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A spirit that is not afraid

Board of Trustees approve another 3% tuition increase

Board of Trustees meeting on April 12
Board of Trustees meeting on April 12

At the Sept. 16 Auburn Board of Trustees meeting, Chief Financial Officer Kelli Shomaker proposed another 3% increase in tuition for the fall 2023 semester for Auburn, and a 4% increase for Auburn University at Montgomery. 

The last tuition increase was proposed at the April Board of Trustees meeting for the 2022-2023 academic year. Shomaker said that she was bringing the tuition rates to the board earlier to "provide as much transparency as possible to our students about the actual costs of education at Auburn University." 

The second tuition increase comes in the wake of the University recovering from the financial damage the pandemic caused, alongside inflation and the increasing cost of labor and supply chain shortages. Shomaker also noted that they wanted to maintain a competitive salary rate for their faculty as a reason for the increase. 

"I want to acknowledge the tremendous financial support Auburn has received during the latest legislative session," Shomaker said.  "That financial support is incredible, but the state appropriation does not cover all of the rising costs of the University." 

Shomaker said in comparison to other schools in the Southern Regional Education Board, which includes more than 100 universities in 15 southern states Auburn has remained in the median range. 

The 3% increase at Auburn will impact undergraduate residents at an additional $360 per year, and non-resident undergraduate students at an additional $984 per year. 

This increase comes immediately after the 3% increase this semester, and a freeze on tuition for the 2021-2022 academic year due to financial hardships faced by many during the pandemic. The 2021-2022 academic year was the first time there had not been a tuition increase in 30 years at Auburn or AUM.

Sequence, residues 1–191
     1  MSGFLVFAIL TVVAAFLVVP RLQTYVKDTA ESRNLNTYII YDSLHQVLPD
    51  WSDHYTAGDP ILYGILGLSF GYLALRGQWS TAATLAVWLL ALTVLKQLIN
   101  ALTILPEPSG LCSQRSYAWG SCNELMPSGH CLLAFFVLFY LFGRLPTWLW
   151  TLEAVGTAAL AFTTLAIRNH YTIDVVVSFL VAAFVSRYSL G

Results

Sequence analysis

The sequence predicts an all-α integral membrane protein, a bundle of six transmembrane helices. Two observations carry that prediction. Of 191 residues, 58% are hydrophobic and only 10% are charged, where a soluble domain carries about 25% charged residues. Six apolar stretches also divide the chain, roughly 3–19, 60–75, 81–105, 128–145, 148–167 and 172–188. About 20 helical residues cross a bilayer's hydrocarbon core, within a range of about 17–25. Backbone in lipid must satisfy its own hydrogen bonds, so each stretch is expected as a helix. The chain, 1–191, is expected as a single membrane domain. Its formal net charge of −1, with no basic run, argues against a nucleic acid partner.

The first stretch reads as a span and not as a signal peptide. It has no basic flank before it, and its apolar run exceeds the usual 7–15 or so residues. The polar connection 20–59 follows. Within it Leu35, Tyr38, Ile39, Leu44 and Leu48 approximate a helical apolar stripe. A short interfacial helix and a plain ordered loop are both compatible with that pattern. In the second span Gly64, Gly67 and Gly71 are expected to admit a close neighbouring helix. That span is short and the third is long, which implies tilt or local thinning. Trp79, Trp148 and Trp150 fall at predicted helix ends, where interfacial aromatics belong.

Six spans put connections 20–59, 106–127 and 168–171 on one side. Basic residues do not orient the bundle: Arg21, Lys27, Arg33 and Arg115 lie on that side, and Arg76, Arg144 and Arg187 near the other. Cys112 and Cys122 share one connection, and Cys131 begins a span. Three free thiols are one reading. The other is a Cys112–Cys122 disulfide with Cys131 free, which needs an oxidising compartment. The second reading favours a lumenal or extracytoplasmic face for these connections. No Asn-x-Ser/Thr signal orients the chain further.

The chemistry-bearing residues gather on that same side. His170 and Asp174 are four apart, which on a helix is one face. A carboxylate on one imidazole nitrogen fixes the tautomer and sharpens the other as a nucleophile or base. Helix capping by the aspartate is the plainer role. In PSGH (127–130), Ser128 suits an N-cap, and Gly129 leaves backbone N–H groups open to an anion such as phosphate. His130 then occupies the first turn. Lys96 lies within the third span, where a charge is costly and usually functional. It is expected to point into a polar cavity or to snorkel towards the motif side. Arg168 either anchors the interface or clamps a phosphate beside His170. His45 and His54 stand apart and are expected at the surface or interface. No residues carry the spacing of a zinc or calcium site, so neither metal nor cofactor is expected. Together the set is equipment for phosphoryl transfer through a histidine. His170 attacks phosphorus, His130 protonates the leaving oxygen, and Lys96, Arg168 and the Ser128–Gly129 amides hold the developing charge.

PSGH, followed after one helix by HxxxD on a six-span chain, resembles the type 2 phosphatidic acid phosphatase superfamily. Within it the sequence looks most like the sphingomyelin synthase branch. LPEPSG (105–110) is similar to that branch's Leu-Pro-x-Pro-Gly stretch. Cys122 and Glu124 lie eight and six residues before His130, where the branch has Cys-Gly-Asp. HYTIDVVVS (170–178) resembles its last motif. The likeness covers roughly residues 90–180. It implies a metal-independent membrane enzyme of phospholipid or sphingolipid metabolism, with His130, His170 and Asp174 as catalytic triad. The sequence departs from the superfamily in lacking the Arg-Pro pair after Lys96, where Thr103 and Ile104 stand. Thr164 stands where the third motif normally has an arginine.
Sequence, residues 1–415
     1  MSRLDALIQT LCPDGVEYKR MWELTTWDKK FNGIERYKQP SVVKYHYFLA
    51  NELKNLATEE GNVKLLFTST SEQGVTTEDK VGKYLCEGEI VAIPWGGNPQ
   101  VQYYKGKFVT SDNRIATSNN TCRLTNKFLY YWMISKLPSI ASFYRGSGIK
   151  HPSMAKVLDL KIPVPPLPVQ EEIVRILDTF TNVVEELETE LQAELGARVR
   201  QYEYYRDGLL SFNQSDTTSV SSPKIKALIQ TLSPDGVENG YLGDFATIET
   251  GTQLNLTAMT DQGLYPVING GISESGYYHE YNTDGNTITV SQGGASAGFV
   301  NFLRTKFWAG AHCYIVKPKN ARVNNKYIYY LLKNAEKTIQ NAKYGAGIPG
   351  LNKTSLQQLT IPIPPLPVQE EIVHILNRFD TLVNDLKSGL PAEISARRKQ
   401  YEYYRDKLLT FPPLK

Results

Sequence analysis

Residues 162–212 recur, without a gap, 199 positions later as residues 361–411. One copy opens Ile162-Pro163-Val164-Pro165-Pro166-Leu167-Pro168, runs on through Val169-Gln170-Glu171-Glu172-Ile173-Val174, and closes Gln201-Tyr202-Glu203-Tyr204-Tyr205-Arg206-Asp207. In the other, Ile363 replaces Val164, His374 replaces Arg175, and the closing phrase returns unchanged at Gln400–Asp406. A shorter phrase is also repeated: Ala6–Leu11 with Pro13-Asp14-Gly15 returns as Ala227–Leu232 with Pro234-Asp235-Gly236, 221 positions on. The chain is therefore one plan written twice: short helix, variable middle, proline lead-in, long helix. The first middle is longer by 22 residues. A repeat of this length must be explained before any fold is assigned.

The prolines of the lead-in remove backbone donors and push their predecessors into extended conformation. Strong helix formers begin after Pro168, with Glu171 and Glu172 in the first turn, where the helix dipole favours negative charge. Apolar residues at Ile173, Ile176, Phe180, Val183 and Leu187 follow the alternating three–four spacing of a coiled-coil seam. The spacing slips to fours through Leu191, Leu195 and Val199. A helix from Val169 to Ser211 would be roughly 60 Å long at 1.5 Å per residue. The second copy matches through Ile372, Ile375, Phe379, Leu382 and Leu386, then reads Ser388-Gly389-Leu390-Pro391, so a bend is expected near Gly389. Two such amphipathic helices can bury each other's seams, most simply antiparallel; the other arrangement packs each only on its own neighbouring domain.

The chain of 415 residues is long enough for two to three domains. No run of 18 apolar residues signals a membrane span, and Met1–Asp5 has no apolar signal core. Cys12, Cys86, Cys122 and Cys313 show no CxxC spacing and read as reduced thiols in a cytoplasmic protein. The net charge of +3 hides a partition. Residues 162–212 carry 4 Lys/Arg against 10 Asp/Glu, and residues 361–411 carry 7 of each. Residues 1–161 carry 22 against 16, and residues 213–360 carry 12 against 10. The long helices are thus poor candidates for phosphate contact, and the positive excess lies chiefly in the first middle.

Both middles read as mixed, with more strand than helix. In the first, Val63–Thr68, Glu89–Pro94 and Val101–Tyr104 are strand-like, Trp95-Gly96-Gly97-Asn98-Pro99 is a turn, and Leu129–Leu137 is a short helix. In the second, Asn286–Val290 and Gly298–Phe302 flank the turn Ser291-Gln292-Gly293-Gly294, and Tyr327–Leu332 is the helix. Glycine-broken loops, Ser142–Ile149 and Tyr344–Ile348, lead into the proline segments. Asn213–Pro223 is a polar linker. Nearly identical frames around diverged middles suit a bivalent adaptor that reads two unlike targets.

With the most recent increase, in-state students paid $12,176 for the entire academic year, which included tuition and fees. With the proposed increase, students will pay $12,541. 

New housing rates was also on the agenda, and the Board approved an increase of 3% in the rates, citing the costs of continued renovation projects around on-campus housing.

The Board of Trustees approved the 2022-2023 budget, which begins Oct.1 and ends Sept. 30, 2023. The proposed budget was 1.59 billion with 52.4% of it being invested directly back into "its people," Shomaker said.

"The University is committing to an investment of $60.2 million in total towards its people, that includes 5% merit pool increase, funds for the recruitment of high caliber, for us to provide our staff with market-competitive salaries, job family and faculty promotions and other salary adjustments as well as employee benefit," Shomaker said. 

In the June Board meeting, Roberts proposed a multi-phase compensation initiative to the Board of Trustees to invest $32 million for the fiscal year, received almost double, making it the largest compensation investment in the history of Auburn University. 

Roberts, during his Presidents Report, addressed the board with his gratitude for the approval of the budget. 

"The largest investment was in our people," Roberts said. "I just want you to know that I for one, really appreciate the opportunity to recruit and retain the best talent out there." 

Destini Ambus | Editor-in-Chief

Destini Ambus, senior in journalism, pursuing a minor in sociology is the editor-in-chief of The Auburn Plainsman.


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